Nebel premiered at the Venice Film Festival in 2011 and was also shown at the Toronto International Film Festival. In 2012, it received awards in three categories at the Czech Lion Awards. That same year, it won the European Film Prize for best animated film of the year.
A more recent Czech animated film that has garnered awards and success at festivals, including an Oscar nomination, is the stop-motion puppet film Dcera(Daughter). The film was directed by Daria Kascheeva, a Russian director, scenographer, and student at Prague’s Film and TV School (FAMU). In 2019, it won the Student Academy Award for best animated film, known as the Student Oscar. Kascheeva is only the third FAMU student to have won the award, after Jan Svěrák and Marie Dvořáková. The director got word of winning the Student Oscar the night before her bachelor’s degree final exam.
“I was happy, of course. I couldn’t believe that I had won an Oscar. Just getting nominated had meant a lot to me, and I didn’t expect them to pick a puppet film as the winner. In America, 3D films and computer animation are more popular, so I considered it to be a huge honour.”
The film tells the story of a girl with a painful childhood experience. As a small child, she carries home a wounded bird only to be ignored and misunderstood by her preoccupied father. From then on, loneliness starts to take hold of the main character, and she is no longer able to accept her father’s displays of affection even as she reaches adulthood. The father is plagued by guilt and tries to win back his daughter’s lost trust. Kascheeva came up with the plot while preparing for entrance exams to FAMU. Work on the 15-minute film took a year and a half. Besides directing and animating it, Kascheeva also wrote the script and recorded the film’s sound.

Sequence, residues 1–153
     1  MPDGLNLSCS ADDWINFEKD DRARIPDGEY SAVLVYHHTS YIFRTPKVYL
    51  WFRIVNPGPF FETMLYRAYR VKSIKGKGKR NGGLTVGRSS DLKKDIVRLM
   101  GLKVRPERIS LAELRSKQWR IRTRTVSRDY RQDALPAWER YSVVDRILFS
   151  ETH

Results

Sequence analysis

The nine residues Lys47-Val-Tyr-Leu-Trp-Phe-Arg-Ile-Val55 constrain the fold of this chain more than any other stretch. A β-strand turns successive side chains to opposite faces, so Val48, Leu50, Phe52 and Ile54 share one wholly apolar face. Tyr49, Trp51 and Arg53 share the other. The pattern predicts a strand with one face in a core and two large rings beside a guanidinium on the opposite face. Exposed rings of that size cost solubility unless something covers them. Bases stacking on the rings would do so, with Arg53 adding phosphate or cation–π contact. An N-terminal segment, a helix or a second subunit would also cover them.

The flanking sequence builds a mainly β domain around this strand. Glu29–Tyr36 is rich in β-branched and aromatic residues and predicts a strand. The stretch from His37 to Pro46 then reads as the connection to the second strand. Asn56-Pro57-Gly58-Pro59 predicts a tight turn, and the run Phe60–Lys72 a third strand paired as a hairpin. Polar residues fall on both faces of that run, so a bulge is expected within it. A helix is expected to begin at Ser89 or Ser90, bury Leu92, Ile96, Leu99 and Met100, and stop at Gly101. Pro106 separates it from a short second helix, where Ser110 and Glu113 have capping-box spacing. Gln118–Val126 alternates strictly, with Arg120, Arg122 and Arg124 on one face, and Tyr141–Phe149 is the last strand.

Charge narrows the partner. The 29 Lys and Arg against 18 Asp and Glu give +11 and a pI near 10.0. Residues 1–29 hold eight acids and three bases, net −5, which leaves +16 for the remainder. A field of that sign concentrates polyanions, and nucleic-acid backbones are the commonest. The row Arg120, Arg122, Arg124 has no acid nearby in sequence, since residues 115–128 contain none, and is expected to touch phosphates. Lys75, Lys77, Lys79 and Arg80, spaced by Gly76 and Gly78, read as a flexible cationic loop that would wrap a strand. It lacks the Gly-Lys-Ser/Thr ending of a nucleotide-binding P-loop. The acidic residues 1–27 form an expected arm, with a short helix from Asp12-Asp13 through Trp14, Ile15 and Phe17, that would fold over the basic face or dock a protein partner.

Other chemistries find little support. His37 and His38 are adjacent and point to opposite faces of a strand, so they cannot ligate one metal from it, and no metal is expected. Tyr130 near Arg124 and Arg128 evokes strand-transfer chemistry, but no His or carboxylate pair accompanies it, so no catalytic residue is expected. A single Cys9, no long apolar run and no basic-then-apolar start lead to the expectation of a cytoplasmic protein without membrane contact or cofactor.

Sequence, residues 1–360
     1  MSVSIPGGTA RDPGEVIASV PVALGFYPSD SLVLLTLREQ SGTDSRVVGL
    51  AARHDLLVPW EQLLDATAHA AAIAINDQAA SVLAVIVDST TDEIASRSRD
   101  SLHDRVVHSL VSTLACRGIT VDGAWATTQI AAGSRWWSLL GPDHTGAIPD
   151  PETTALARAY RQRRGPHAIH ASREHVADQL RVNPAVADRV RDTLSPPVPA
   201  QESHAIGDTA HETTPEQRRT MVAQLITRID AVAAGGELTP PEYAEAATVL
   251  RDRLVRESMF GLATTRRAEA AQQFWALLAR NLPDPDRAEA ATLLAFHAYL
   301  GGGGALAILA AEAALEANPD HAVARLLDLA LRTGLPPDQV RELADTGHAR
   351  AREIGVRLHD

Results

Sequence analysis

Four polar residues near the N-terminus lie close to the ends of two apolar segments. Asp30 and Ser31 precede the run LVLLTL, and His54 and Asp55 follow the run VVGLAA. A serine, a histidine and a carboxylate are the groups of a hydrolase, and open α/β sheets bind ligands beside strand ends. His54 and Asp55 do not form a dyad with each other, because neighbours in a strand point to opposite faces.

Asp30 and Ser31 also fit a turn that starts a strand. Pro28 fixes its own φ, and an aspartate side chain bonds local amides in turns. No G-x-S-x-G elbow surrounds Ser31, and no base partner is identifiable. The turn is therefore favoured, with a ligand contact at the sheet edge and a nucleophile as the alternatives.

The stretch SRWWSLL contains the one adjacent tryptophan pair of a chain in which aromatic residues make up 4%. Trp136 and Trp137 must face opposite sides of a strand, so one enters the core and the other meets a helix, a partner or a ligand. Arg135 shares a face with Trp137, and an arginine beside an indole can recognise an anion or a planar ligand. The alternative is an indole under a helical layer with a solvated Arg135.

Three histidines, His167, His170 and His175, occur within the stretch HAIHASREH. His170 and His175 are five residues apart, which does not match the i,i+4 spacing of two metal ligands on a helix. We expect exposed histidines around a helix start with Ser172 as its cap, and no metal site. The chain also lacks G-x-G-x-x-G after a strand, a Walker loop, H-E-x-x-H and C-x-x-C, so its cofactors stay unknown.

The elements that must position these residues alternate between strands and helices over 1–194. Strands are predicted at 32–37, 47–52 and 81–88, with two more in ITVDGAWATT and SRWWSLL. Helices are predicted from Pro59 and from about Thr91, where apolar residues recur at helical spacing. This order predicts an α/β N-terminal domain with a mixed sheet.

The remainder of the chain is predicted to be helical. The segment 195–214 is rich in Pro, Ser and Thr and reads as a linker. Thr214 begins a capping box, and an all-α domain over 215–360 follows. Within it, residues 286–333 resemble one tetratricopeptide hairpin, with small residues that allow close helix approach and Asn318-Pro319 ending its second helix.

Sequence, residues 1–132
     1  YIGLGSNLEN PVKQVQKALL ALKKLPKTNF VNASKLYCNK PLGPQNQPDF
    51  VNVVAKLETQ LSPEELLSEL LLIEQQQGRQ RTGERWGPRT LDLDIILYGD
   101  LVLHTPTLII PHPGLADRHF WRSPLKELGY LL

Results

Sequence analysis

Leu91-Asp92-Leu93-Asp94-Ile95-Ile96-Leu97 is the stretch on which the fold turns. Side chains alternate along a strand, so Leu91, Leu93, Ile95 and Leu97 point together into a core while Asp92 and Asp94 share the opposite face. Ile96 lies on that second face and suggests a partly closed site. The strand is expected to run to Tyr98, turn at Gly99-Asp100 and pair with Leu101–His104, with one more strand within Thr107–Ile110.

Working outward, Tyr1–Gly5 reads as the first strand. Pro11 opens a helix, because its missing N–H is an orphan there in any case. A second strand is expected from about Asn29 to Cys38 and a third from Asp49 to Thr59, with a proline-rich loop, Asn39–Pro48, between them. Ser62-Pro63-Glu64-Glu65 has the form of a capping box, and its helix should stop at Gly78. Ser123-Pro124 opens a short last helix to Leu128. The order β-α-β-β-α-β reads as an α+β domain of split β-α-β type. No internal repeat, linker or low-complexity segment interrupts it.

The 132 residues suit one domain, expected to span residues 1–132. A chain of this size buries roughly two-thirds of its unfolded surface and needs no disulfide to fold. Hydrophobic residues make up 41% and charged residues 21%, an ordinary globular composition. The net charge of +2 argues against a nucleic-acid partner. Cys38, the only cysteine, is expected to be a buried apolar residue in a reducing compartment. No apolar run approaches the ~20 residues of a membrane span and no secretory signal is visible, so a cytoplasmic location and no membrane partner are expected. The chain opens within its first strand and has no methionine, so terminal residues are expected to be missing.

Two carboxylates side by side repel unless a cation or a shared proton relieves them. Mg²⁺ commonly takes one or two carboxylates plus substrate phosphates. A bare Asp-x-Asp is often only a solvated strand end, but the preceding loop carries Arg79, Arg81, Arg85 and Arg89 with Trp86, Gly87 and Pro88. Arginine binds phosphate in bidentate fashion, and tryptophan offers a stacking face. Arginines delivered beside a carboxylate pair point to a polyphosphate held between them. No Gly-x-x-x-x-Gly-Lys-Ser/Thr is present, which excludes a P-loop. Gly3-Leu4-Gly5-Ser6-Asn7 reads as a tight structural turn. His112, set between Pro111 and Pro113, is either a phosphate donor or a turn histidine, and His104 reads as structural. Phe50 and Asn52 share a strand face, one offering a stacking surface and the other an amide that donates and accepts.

“The film is really about me. I wrote my own story and thought about my relationship with my parents during the filming. I concluded that parents often do not give their full attention to kids. And even though that can make the children feel bad, it does not mean that their parents do not love them. That’s simply how life goes, and it is important to understand that and forgive the parents. So for me, it was a process of forgiveness, a sort of psychotherapy. It is important for me to be personally connected whenever I am working on a film.”
Kascheeva told Czech Radio. The 35-year-old director chose an uncommon animation technique, in which the puppets’ eyes are animated so that they fully express the story’s melancholy. The film was shot using a handheld camera, which is a technique normally used in live-action films. The puppets, which are made from wood and toilet paper, were inspired by the traditional Czech Masopust carnival, whose strange masks fascinated Daria. Because of the innovative production methods, filming was very time consuming. A day’s work would produce perhaps 8 seconds of film.
“The handheld camera really added a lot to the film’s atmosphere. I wanted the viewer to delve deeper into the story and identify with the characters more. Live-action or documentary films shot with a handheld camera always make me feel that I am inside the story a bit more, that I am there with the characters. I got the idea to try that in an animated film. It was very difficult from the technical side, but I think it turned out quite well. I like the impression it leaves the audience with.”
The award-winning director toured over 90 film festivals with her film. That, says Kascheeva, who considers herself an introvert, left her quite exhausted and in need of a break. She sees the Covid-19 lockdown as an opportunity to focus on her next film. There have been offers from other filmmakers from abroad, but the young director wants to focus on another new experimental project. “It will be the story of a grown woman searching for her identity and the right approach to her body, sexuality, and her fight against society’s preferred idea of what a woman should be and act like.” For now, that is all that Daria Kasheeva will reveal about her new project.